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I was listening to a computer talk show on the radio and the expert said there are two kinds of consumers: the 10% who are passionate about the technology and the other 90% who are buying it solely for the utilitarian value. Compare that to a car-buyer who likes to tinker; fine-tune and track down the most minute disatisfaction vs the person who buys a car to be a comfortable one and haul people and things around.

I think we see most of the former type on the forum. And because of that we tend to see so many complaints about the Acadia. There are valid, major problems that are noted and I am not underestimating them or the true grief they cause the owners. But many of the complaints do appear to be whining or misconception of what the Acadia was built to do or simply not reading the owners manual.

Reading the complaints and problems gets to be depressing after awhile. I got my truck in January and the forum has been extremely helpful for me to get to know my Acadia and to find aftermarket items. I have contributed to all of the polls and offered suggestions to seekers. However now that I have spent about 15 hours on the forum, I think I should back off from daily/twice-daily checking to, perhaps once a week or so, or when I need some advice. I wish I would have spent time on the forum while I was deciding to buy the truck. I recommend this to anyone - to get on the forum for the vehicle you are considering buying to know what to expect -- mileage, ride, maintenance considerations, etc.

To put things in perspective, I googled to find forums for other vehicles -- Ford, Chrysler, Nissan, Toyota, MB, etc. -- and, you know, they all report a lot of problems too. Some of the forums seem to be controlled by the manufacturer so you have to factor that in.

In summary, we forum members are probably much more discriminating and passionate about our vehicles than the average consumer and we will tend identify gliches that most people would not even see or consider important. Again, don't get me wrong, I'm not unsympathetic with forum members who are having real difficulties with performance and service.
 

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Those that are having problems are looking for solutions. In our society, usually hear from those that express their unhappiness and what to do. That is what these forums are for, give comfort to those that need for there are 99.999999% that are thoroughly happy with our vehicles. Right?
 

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teetertotter said:
Those that are having problems are looking for solutions. In our society, usually hear from those that express their unhappiness and what to do. That is what these forums are for, give comfort to those that need for there are 99.999999% that are thoroughly happy with our vehicles. Right?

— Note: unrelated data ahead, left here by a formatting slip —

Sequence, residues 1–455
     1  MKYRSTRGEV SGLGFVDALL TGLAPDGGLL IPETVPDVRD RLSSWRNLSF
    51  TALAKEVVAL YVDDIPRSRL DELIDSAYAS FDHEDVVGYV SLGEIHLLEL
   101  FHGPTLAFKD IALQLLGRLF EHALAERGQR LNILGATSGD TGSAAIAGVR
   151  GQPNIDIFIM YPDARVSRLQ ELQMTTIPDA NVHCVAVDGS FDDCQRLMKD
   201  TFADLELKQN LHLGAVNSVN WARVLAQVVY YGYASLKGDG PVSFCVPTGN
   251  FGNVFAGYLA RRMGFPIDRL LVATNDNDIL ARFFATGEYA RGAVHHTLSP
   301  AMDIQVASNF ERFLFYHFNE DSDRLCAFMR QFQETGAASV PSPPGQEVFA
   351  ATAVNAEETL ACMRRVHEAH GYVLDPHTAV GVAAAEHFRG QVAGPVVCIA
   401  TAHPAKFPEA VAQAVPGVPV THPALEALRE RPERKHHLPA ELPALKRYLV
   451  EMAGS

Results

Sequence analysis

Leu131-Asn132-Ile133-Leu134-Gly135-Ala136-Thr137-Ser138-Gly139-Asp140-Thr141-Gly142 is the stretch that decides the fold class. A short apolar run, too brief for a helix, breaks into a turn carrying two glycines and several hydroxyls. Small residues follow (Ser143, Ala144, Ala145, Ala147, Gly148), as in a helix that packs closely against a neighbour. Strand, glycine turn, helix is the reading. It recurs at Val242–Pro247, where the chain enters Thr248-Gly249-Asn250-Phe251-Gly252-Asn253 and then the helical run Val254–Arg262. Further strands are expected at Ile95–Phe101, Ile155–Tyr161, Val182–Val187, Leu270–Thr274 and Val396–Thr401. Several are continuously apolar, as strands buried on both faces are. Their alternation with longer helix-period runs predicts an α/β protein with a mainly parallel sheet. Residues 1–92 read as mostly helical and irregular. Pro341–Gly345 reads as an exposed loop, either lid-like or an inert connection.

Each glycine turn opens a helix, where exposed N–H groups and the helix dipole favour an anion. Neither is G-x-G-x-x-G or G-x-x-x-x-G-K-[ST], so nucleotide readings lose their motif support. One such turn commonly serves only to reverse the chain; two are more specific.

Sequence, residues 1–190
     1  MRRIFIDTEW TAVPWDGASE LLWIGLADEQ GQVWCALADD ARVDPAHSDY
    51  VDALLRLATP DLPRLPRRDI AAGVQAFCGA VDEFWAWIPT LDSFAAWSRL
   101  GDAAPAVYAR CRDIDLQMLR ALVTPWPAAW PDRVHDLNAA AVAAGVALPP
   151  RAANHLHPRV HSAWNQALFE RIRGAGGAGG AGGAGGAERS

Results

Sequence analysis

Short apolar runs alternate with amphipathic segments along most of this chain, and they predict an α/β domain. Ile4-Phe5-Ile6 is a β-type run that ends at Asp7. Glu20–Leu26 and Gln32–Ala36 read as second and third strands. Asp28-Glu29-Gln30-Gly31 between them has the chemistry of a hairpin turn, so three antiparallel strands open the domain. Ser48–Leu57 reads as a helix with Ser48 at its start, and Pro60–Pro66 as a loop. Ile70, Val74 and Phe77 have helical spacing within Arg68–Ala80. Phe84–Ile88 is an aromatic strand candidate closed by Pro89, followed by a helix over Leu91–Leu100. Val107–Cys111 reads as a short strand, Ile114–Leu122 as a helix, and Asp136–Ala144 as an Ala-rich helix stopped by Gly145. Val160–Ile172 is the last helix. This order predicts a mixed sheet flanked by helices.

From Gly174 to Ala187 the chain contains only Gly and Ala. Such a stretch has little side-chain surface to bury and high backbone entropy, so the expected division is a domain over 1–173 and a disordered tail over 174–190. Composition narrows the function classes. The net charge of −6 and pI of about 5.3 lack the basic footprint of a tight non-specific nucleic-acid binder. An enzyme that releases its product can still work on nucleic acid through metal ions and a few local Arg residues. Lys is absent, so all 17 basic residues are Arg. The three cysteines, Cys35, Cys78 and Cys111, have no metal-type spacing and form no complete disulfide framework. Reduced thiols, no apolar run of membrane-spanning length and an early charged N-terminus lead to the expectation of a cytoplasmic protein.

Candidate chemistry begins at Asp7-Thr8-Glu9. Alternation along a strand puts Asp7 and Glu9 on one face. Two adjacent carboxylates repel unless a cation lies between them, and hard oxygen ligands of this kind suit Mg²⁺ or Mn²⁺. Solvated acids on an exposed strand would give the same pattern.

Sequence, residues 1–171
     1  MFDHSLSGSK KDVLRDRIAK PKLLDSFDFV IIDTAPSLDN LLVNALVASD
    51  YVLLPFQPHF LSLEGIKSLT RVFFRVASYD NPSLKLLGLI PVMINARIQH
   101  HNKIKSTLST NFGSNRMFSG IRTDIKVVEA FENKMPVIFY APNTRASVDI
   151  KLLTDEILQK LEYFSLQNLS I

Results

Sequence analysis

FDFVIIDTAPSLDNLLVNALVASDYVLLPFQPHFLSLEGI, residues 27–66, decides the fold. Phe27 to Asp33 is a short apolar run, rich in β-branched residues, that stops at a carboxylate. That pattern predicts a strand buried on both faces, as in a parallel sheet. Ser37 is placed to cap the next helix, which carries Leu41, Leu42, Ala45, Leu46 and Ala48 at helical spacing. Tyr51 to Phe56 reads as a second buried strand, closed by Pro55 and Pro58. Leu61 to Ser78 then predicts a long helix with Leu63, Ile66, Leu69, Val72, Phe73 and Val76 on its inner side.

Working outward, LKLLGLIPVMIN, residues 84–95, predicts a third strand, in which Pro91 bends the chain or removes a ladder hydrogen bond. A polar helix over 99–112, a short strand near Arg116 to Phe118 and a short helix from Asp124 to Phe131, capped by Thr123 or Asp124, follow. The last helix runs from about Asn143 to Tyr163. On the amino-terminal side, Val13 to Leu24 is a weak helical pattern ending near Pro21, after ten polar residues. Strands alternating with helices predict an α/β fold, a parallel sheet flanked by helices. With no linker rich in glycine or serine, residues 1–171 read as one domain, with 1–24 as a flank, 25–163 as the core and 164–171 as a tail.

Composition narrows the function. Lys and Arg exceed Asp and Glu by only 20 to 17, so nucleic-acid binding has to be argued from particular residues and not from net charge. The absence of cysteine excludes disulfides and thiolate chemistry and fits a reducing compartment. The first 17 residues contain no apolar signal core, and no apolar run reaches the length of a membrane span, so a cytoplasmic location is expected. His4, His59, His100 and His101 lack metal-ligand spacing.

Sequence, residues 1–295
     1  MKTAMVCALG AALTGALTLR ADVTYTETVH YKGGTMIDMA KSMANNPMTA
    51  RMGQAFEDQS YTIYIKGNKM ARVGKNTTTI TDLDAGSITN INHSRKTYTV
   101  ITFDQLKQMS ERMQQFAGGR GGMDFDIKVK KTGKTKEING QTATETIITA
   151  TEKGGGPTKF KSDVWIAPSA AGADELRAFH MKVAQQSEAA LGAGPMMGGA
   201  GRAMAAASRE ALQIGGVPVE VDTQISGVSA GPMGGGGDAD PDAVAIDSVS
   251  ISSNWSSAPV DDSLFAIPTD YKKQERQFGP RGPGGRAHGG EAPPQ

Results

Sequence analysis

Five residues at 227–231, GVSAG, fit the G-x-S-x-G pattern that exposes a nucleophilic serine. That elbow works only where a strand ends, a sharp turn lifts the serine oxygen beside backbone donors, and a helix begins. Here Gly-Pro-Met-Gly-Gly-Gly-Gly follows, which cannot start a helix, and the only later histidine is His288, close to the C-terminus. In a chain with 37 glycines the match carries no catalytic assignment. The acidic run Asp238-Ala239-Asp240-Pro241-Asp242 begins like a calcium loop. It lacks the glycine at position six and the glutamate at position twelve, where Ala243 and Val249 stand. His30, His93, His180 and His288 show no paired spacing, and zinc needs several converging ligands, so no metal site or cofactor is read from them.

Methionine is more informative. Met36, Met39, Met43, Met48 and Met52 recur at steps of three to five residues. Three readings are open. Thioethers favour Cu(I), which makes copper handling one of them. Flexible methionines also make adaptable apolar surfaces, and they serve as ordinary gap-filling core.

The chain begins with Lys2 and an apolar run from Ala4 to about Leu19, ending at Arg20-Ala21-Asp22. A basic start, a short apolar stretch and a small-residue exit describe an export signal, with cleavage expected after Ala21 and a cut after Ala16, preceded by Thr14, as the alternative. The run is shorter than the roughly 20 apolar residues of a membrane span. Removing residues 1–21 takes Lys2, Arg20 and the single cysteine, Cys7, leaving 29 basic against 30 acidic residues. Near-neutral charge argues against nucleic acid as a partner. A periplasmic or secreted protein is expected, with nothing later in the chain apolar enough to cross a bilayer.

Right!
 

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Right! Very well put. :cheers:
 

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I think you hit the nail right on the head. Yes the Acadia has had some problems and to those who have had them it is a major pain in the rear, but the vast majority of Acadia owners have not had lemons or any problems at all. These are complicated vehicles and there will be glitches now and then. They are mass produced in the thousands and a bad one will be produced now and then.
 

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Sports car forums may have some of the most passionate people. And similar to this forum, a lot of problems get brought out, probably to some manufacturer's dismay. For example, people on the Camaro/Firebird forums started to see issues with the Comp Cams "R" lifters, which led to finding out the clip design had changed. I unfortunately found this out a little too late and had a failure. Comp Cams of course denied any issues with them and claimed they were being used in the wrong application where the user didn't set them up properly.
 

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Lagunasrfr,
that was a good post and addressed issues of which we may not have been aware.
However, from my personal perspective, having owned a number of GM products in the past, I think what raises the most concern among consumers are the repeated flaws and unnecessary quality control issues that many other manufacturers avoid. Most people, in my opinion, prefer to buy American, support the economy and their fellow citizens here at home. But the products developed and manufacturered in the United States these days lack the same quality as some European and Asian makes. I don't think that is a concidence. And regardless of an individuals stand on patriotism, it's unlikely that he or she is willing to drop $35K - $40K of hard earned money on a vehicle that lacks the quality of a competitor just because it is American made. Perhaps at one time that might have appeared to be unpatriotic. But, the consumer and the manufacturer always take the "bottm line" into consideration. :(

I was unwilling to buy American again for the past 20 years because of poor quality of the vehicle from both GM and Ford. I have owned 2 Pontiac Trans Ams, 1 Cheverolet Monte Carlo, 1 Dodge Challenger, 1 Oldsmobile Regal, 1 Mercury Grand Marquis, (all between 1969 through 1986) each kept for an average period of three years, and all had some significant problem (electrical, panel fit and body integrity, water leaks to the interior, blown engines, cheap interior cabin parts, transmission and drive train, you name it . . .). I got tired of the same issues each time, not to mention the totally dismissive, disrespectful, and indifferent attitudes of both the dealership sales staff and service personnel AFTER sale. :mad: ::)